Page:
Gen. Douglas MacArthur once said: “Old soldiers never die; they just fade away.” Well, not only do old priests not die, they don’t fade away either. They live on in their brothers from one generation to the next, and continue to serve as mentors and role models.

This essay is a testimony to both Father McGivney and my brother priests. Father McGivney is a reminder of the heroic lives that priests lead. His life tells us of the importance of early formation. And finally, it calls each priest to trust that Jesus’ work continues in him, and thus will bear much fruit.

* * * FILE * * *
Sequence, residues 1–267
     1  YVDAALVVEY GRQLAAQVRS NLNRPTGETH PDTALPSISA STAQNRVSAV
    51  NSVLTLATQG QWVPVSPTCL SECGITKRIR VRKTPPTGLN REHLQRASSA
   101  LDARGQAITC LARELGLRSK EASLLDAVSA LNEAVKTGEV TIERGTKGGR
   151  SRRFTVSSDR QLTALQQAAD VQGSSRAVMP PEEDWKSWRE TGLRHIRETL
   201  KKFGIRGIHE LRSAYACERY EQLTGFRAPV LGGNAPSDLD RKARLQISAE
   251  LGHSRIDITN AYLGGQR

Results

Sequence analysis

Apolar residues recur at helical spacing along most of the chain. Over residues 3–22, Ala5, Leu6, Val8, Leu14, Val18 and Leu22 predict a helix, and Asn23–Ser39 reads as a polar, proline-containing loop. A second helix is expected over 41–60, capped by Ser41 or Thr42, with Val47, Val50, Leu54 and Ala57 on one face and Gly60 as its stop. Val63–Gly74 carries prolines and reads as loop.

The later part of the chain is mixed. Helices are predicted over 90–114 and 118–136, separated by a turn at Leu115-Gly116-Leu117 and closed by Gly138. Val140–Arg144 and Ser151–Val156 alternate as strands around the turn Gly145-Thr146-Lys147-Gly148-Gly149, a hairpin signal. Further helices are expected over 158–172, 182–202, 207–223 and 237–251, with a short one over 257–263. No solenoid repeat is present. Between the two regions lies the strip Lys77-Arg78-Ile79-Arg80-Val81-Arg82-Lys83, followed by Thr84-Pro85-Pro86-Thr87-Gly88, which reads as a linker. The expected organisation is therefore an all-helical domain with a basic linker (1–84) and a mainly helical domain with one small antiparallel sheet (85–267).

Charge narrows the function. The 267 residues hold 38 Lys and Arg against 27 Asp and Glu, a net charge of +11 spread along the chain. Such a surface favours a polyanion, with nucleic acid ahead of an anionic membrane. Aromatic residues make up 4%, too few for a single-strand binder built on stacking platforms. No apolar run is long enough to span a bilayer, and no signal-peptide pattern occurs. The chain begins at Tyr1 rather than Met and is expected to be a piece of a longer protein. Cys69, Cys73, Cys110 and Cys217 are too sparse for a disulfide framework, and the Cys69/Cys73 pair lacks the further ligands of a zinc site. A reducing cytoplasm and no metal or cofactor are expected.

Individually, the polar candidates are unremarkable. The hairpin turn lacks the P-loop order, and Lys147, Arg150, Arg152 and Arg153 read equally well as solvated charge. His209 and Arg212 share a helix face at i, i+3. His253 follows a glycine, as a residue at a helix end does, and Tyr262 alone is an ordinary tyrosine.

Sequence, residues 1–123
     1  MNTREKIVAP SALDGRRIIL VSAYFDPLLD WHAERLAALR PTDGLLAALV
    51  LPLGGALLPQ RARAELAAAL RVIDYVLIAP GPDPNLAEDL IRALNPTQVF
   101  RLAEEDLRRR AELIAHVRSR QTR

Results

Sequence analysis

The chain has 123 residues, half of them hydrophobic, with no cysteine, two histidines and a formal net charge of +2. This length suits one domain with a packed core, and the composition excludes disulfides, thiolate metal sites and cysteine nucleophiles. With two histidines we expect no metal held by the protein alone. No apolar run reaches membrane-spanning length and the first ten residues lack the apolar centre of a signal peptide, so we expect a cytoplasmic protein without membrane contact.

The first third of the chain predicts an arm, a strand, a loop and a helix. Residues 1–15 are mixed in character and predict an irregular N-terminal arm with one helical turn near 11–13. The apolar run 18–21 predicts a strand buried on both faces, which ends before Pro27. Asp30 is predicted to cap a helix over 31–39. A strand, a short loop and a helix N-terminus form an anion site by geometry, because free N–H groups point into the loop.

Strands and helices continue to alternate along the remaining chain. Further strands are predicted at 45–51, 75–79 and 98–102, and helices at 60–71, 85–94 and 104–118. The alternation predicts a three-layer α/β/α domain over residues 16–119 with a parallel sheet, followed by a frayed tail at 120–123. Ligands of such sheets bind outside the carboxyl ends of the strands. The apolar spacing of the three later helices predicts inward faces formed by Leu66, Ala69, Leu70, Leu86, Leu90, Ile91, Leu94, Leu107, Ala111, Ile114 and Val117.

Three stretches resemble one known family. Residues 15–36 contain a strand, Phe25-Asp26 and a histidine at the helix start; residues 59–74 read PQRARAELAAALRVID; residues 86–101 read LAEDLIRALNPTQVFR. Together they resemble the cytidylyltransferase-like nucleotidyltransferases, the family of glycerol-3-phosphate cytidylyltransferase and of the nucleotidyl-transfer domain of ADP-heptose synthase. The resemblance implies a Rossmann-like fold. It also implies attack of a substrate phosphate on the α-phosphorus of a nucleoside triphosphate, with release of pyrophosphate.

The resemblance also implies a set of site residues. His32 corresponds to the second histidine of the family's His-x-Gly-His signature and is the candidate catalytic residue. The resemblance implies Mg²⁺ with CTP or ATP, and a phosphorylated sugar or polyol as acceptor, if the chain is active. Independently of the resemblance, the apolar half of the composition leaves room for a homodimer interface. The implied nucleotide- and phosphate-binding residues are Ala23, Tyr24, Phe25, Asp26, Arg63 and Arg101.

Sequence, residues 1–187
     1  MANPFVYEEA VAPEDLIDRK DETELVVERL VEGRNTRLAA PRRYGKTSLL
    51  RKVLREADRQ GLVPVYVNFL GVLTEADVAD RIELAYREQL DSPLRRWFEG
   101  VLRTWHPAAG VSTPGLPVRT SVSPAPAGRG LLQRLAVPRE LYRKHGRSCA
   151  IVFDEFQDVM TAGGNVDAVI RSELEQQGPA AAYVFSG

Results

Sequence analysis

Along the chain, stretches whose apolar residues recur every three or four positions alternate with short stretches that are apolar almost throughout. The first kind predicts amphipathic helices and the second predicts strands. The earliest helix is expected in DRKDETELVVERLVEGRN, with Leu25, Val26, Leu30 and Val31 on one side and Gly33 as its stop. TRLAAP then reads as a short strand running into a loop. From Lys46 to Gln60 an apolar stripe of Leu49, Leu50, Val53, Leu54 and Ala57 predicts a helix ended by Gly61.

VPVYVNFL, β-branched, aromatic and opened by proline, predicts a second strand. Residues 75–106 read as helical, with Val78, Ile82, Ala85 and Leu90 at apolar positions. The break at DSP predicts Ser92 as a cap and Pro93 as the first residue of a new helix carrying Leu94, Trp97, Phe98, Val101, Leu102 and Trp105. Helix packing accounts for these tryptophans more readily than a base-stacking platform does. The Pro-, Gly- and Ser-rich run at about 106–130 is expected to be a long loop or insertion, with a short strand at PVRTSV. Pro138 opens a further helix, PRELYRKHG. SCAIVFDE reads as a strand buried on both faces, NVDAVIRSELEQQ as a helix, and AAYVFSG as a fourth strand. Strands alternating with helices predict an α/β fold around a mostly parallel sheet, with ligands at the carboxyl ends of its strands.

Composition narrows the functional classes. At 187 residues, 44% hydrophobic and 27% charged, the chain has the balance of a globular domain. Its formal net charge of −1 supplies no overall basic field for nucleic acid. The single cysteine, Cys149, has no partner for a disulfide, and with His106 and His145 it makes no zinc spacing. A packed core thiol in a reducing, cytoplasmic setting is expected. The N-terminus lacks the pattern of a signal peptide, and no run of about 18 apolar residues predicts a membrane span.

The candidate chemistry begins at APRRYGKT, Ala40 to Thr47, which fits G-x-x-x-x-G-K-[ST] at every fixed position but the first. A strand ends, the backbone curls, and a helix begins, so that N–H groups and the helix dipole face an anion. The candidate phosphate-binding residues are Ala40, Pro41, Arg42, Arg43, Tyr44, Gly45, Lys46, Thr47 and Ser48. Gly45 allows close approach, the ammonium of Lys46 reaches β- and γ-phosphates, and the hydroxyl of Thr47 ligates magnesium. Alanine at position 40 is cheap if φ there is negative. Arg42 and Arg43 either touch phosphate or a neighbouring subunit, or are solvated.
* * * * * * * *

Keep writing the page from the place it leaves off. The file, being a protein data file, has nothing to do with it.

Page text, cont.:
I hope that in these reflections you, dear lay person, may recognize in your parish priest — or you, dear Father, may see in yourself — part of Father McGivney’s story.

I know Father McGivney. He has been my pastor, my teacher, my friend and my colleague. He represents many of the saintly priests who have touched my life. If his cause for sainthood is successful, he will be the first native-born American priest to be canonized. I can say from my own experience that there should be many more.

Father Michael P. Orsi is a priest of the Diocese of Camden, N.J. He is presently serving as chaplain and research fellow in law and religion at Ave Maria School of Law in Ann Arbor, Mich. This article appeared in the February 2007 edition of Homiletic and Pastoral Review and is reprinted with permission. Father Orsi is a member of Flatbush Council 497 in Brooklyn, N.Y.